Jordan Rivkin

About Jordan Rivkin

Jordan Rivkin is a freelance writer, psychology student and animal-welfare advocate. After nearly two decades in the stock market, he left to complete his 4th year honours in psychology. His main interests are social justice and mental health issues, and he teaches ethics to primary school children in his spare time.

The human frenzy of shark attack revenge

I’m going to come right out and say it.

While I have the utmost empathy for the families of Chris Boyd and Zac Young, I have never understood the quest for retribution that ensues in the wake of shark attacks on humans.

WA Fisheries promptly issued a ‘catch and kill’ order for the shark after the attack on Boyd, initiating a pursuit for vengeance (for one cannot reasonably call it justice) that astounds me.

The offender is not some deranged human, bereft of empathy, who needs to be brought to justice. It is an animal, searching for food in its natural habitat as it has done for some 400 million years. An animal that occasionally mistakes humans for its usual diet of fatty marine mammals.

This is clearly why most shark attacks aren’t fatal. Of those that are, there is usually a human body that makes it to shore alive before bleeding out. Were a large shark wholly committed to the consumption of humans, I’m guessing there would be little in the way of remains left to identify.

But even this fails to address the issue at hand. Headlines tell us that ‘the hunt for the killer continues’. I’m curious as to how the killer is precisely identified. Do authorities round up a bunch of sharks for questioning, determining the alibi that holds up least? Is there an interrogation process that aids in ascertaining which shark was in the vicinity at the time?

It’s preposterous to think that there’s any guarantee the shark caught is culpable. But I guess that’s the point. Even if it isn’t, who cares? It’s just a fish, right? Perhaps the bloodied carcass of any shark, hauled back to shore, is enough to quench our thirst for revenge?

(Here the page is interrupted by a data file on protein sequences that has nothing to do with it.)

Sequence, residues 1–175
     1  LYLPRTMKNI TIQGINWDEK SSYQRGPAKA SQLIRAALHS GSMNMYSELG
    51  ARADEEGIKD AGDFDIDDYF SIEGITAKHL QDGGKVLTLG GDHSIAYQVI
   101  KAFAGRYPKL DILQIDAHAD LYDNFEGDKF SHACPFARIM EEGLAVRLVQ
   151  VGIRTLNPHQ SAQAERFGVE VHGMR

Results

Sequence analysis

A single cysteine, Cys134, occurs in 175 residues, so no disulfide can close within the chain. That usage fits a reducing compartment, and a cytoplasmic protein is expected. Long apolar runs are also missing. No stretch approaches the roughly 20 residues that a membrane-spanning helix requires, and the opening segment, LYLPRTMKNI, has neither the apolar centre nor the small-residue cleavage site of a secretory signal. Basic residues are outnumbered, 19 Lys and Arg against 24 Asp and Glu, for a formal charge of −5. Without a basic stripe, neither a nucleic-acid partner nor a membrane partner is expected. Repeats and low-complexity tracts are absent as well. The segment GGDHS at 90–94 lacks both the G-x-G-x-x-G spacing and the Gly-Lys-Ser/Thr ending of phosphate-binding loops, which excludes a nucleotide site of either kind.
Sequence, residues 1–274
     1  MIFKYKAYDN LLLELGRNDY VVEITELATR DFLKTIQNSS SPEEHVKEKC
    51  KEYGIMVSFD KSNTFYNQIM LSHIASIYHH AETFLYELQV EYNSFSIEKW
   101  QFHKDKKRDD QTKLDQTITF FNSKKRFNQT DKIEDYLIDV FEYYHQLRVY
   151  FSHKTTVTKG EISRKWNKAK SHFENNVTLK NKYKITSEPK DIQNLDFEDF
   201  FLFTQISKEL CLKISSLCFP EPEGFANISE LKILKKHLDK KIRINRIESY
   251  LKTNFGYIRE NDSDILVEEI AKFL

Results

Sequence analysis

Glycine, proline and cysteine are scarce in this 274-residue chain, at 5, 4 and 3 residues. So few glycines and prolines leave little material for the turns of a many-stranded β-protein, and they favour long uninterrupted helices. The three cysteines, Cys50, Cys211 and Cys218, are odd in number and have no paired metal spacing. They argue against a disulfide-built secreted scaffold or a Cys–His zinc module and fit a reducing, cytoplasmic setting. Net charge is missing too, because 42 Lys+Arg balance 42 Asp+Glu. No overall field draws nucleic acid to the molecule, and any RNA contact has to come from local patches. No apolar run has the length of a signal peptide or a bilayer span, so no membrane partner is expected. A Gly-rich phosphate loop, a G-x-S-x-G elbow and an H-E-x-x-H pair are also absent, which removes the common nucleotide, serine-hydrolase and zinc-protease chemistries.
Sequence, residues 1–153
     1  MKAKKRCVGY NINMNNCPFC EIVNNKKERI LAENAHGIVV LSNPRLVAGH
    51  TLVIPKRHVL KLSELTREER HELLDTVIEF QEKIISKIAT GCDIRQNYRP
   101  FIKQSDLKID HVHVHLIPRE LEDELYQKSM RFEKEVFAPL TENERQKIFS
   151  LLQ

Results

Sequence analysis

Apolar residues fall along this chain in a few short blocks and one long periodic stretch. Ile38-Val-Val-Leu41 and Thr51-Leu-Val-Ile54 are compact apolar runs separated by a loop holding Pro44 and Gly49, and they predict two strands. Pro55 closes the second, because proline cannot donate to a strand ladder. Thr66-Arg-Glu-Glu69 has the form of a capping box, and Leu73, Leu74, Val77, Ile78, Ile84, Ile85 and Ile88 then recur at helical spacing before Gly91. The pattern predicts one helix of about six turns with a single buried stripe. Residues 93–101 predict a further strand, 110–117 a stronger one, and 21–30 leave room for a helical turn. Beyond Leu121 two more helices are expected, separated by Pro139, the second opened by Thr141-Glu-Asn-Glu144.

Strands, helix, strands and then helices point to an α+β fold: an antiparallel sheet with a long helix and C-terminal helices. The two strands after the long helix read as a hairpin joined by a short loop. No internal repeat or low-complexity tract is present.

It’s not about revenge, you say. It’s about punishment.

So, perhaps that’s the goal of WA Fisheries, to punish the offender. Okay, well let us examine this rationale. Human society employs punishment to achieve four primary aims.

  1. To reform of the offender. Needless to say, the shark’s subsequent destruction at the hands of WA Fisheries is unlikely to see much reform in its behaviour. I guess at the very least it won’t re-offend.
  2. Deterrence.  So, maybe that’s it? If we ‘catch and kill’ the shark responsible we might just dissuade all those other pesky sharks from engaging in similar acts of impropriety in the future. Doubtful.
  3. Vengeance or retribution. Some prefer to call this an effort to restore order, or to ‘balance the equation’. I accept that seeing a guilty person punished can afford an iota of relief to families of victims, but I’m sceptical as to whether the shark’s execution brings any comfort to the victim’s family.
  4. Safety and the protection of society. I fail to see how the removal of one shark from the ocean, arbitrarily caught I might add, is going to make the ocean safe once more. There are other sharks, and as long as we venture into the ocean, there will be other incidents.

Call it revenge, punishment or whatever, but I suspect it’s nothing more than a vain attempt to control what is beyond our control. We like to see this planet as ours and ours alone. Be it land or sea, we consider ourselves as landlords, and any squatters in our domain who dare affront us must be dealt with.

For those of that view, you can take comfort. For every 10 of us lost to a shark attack, we claim around 30 million of them.

So rest assured, they are already being punished.

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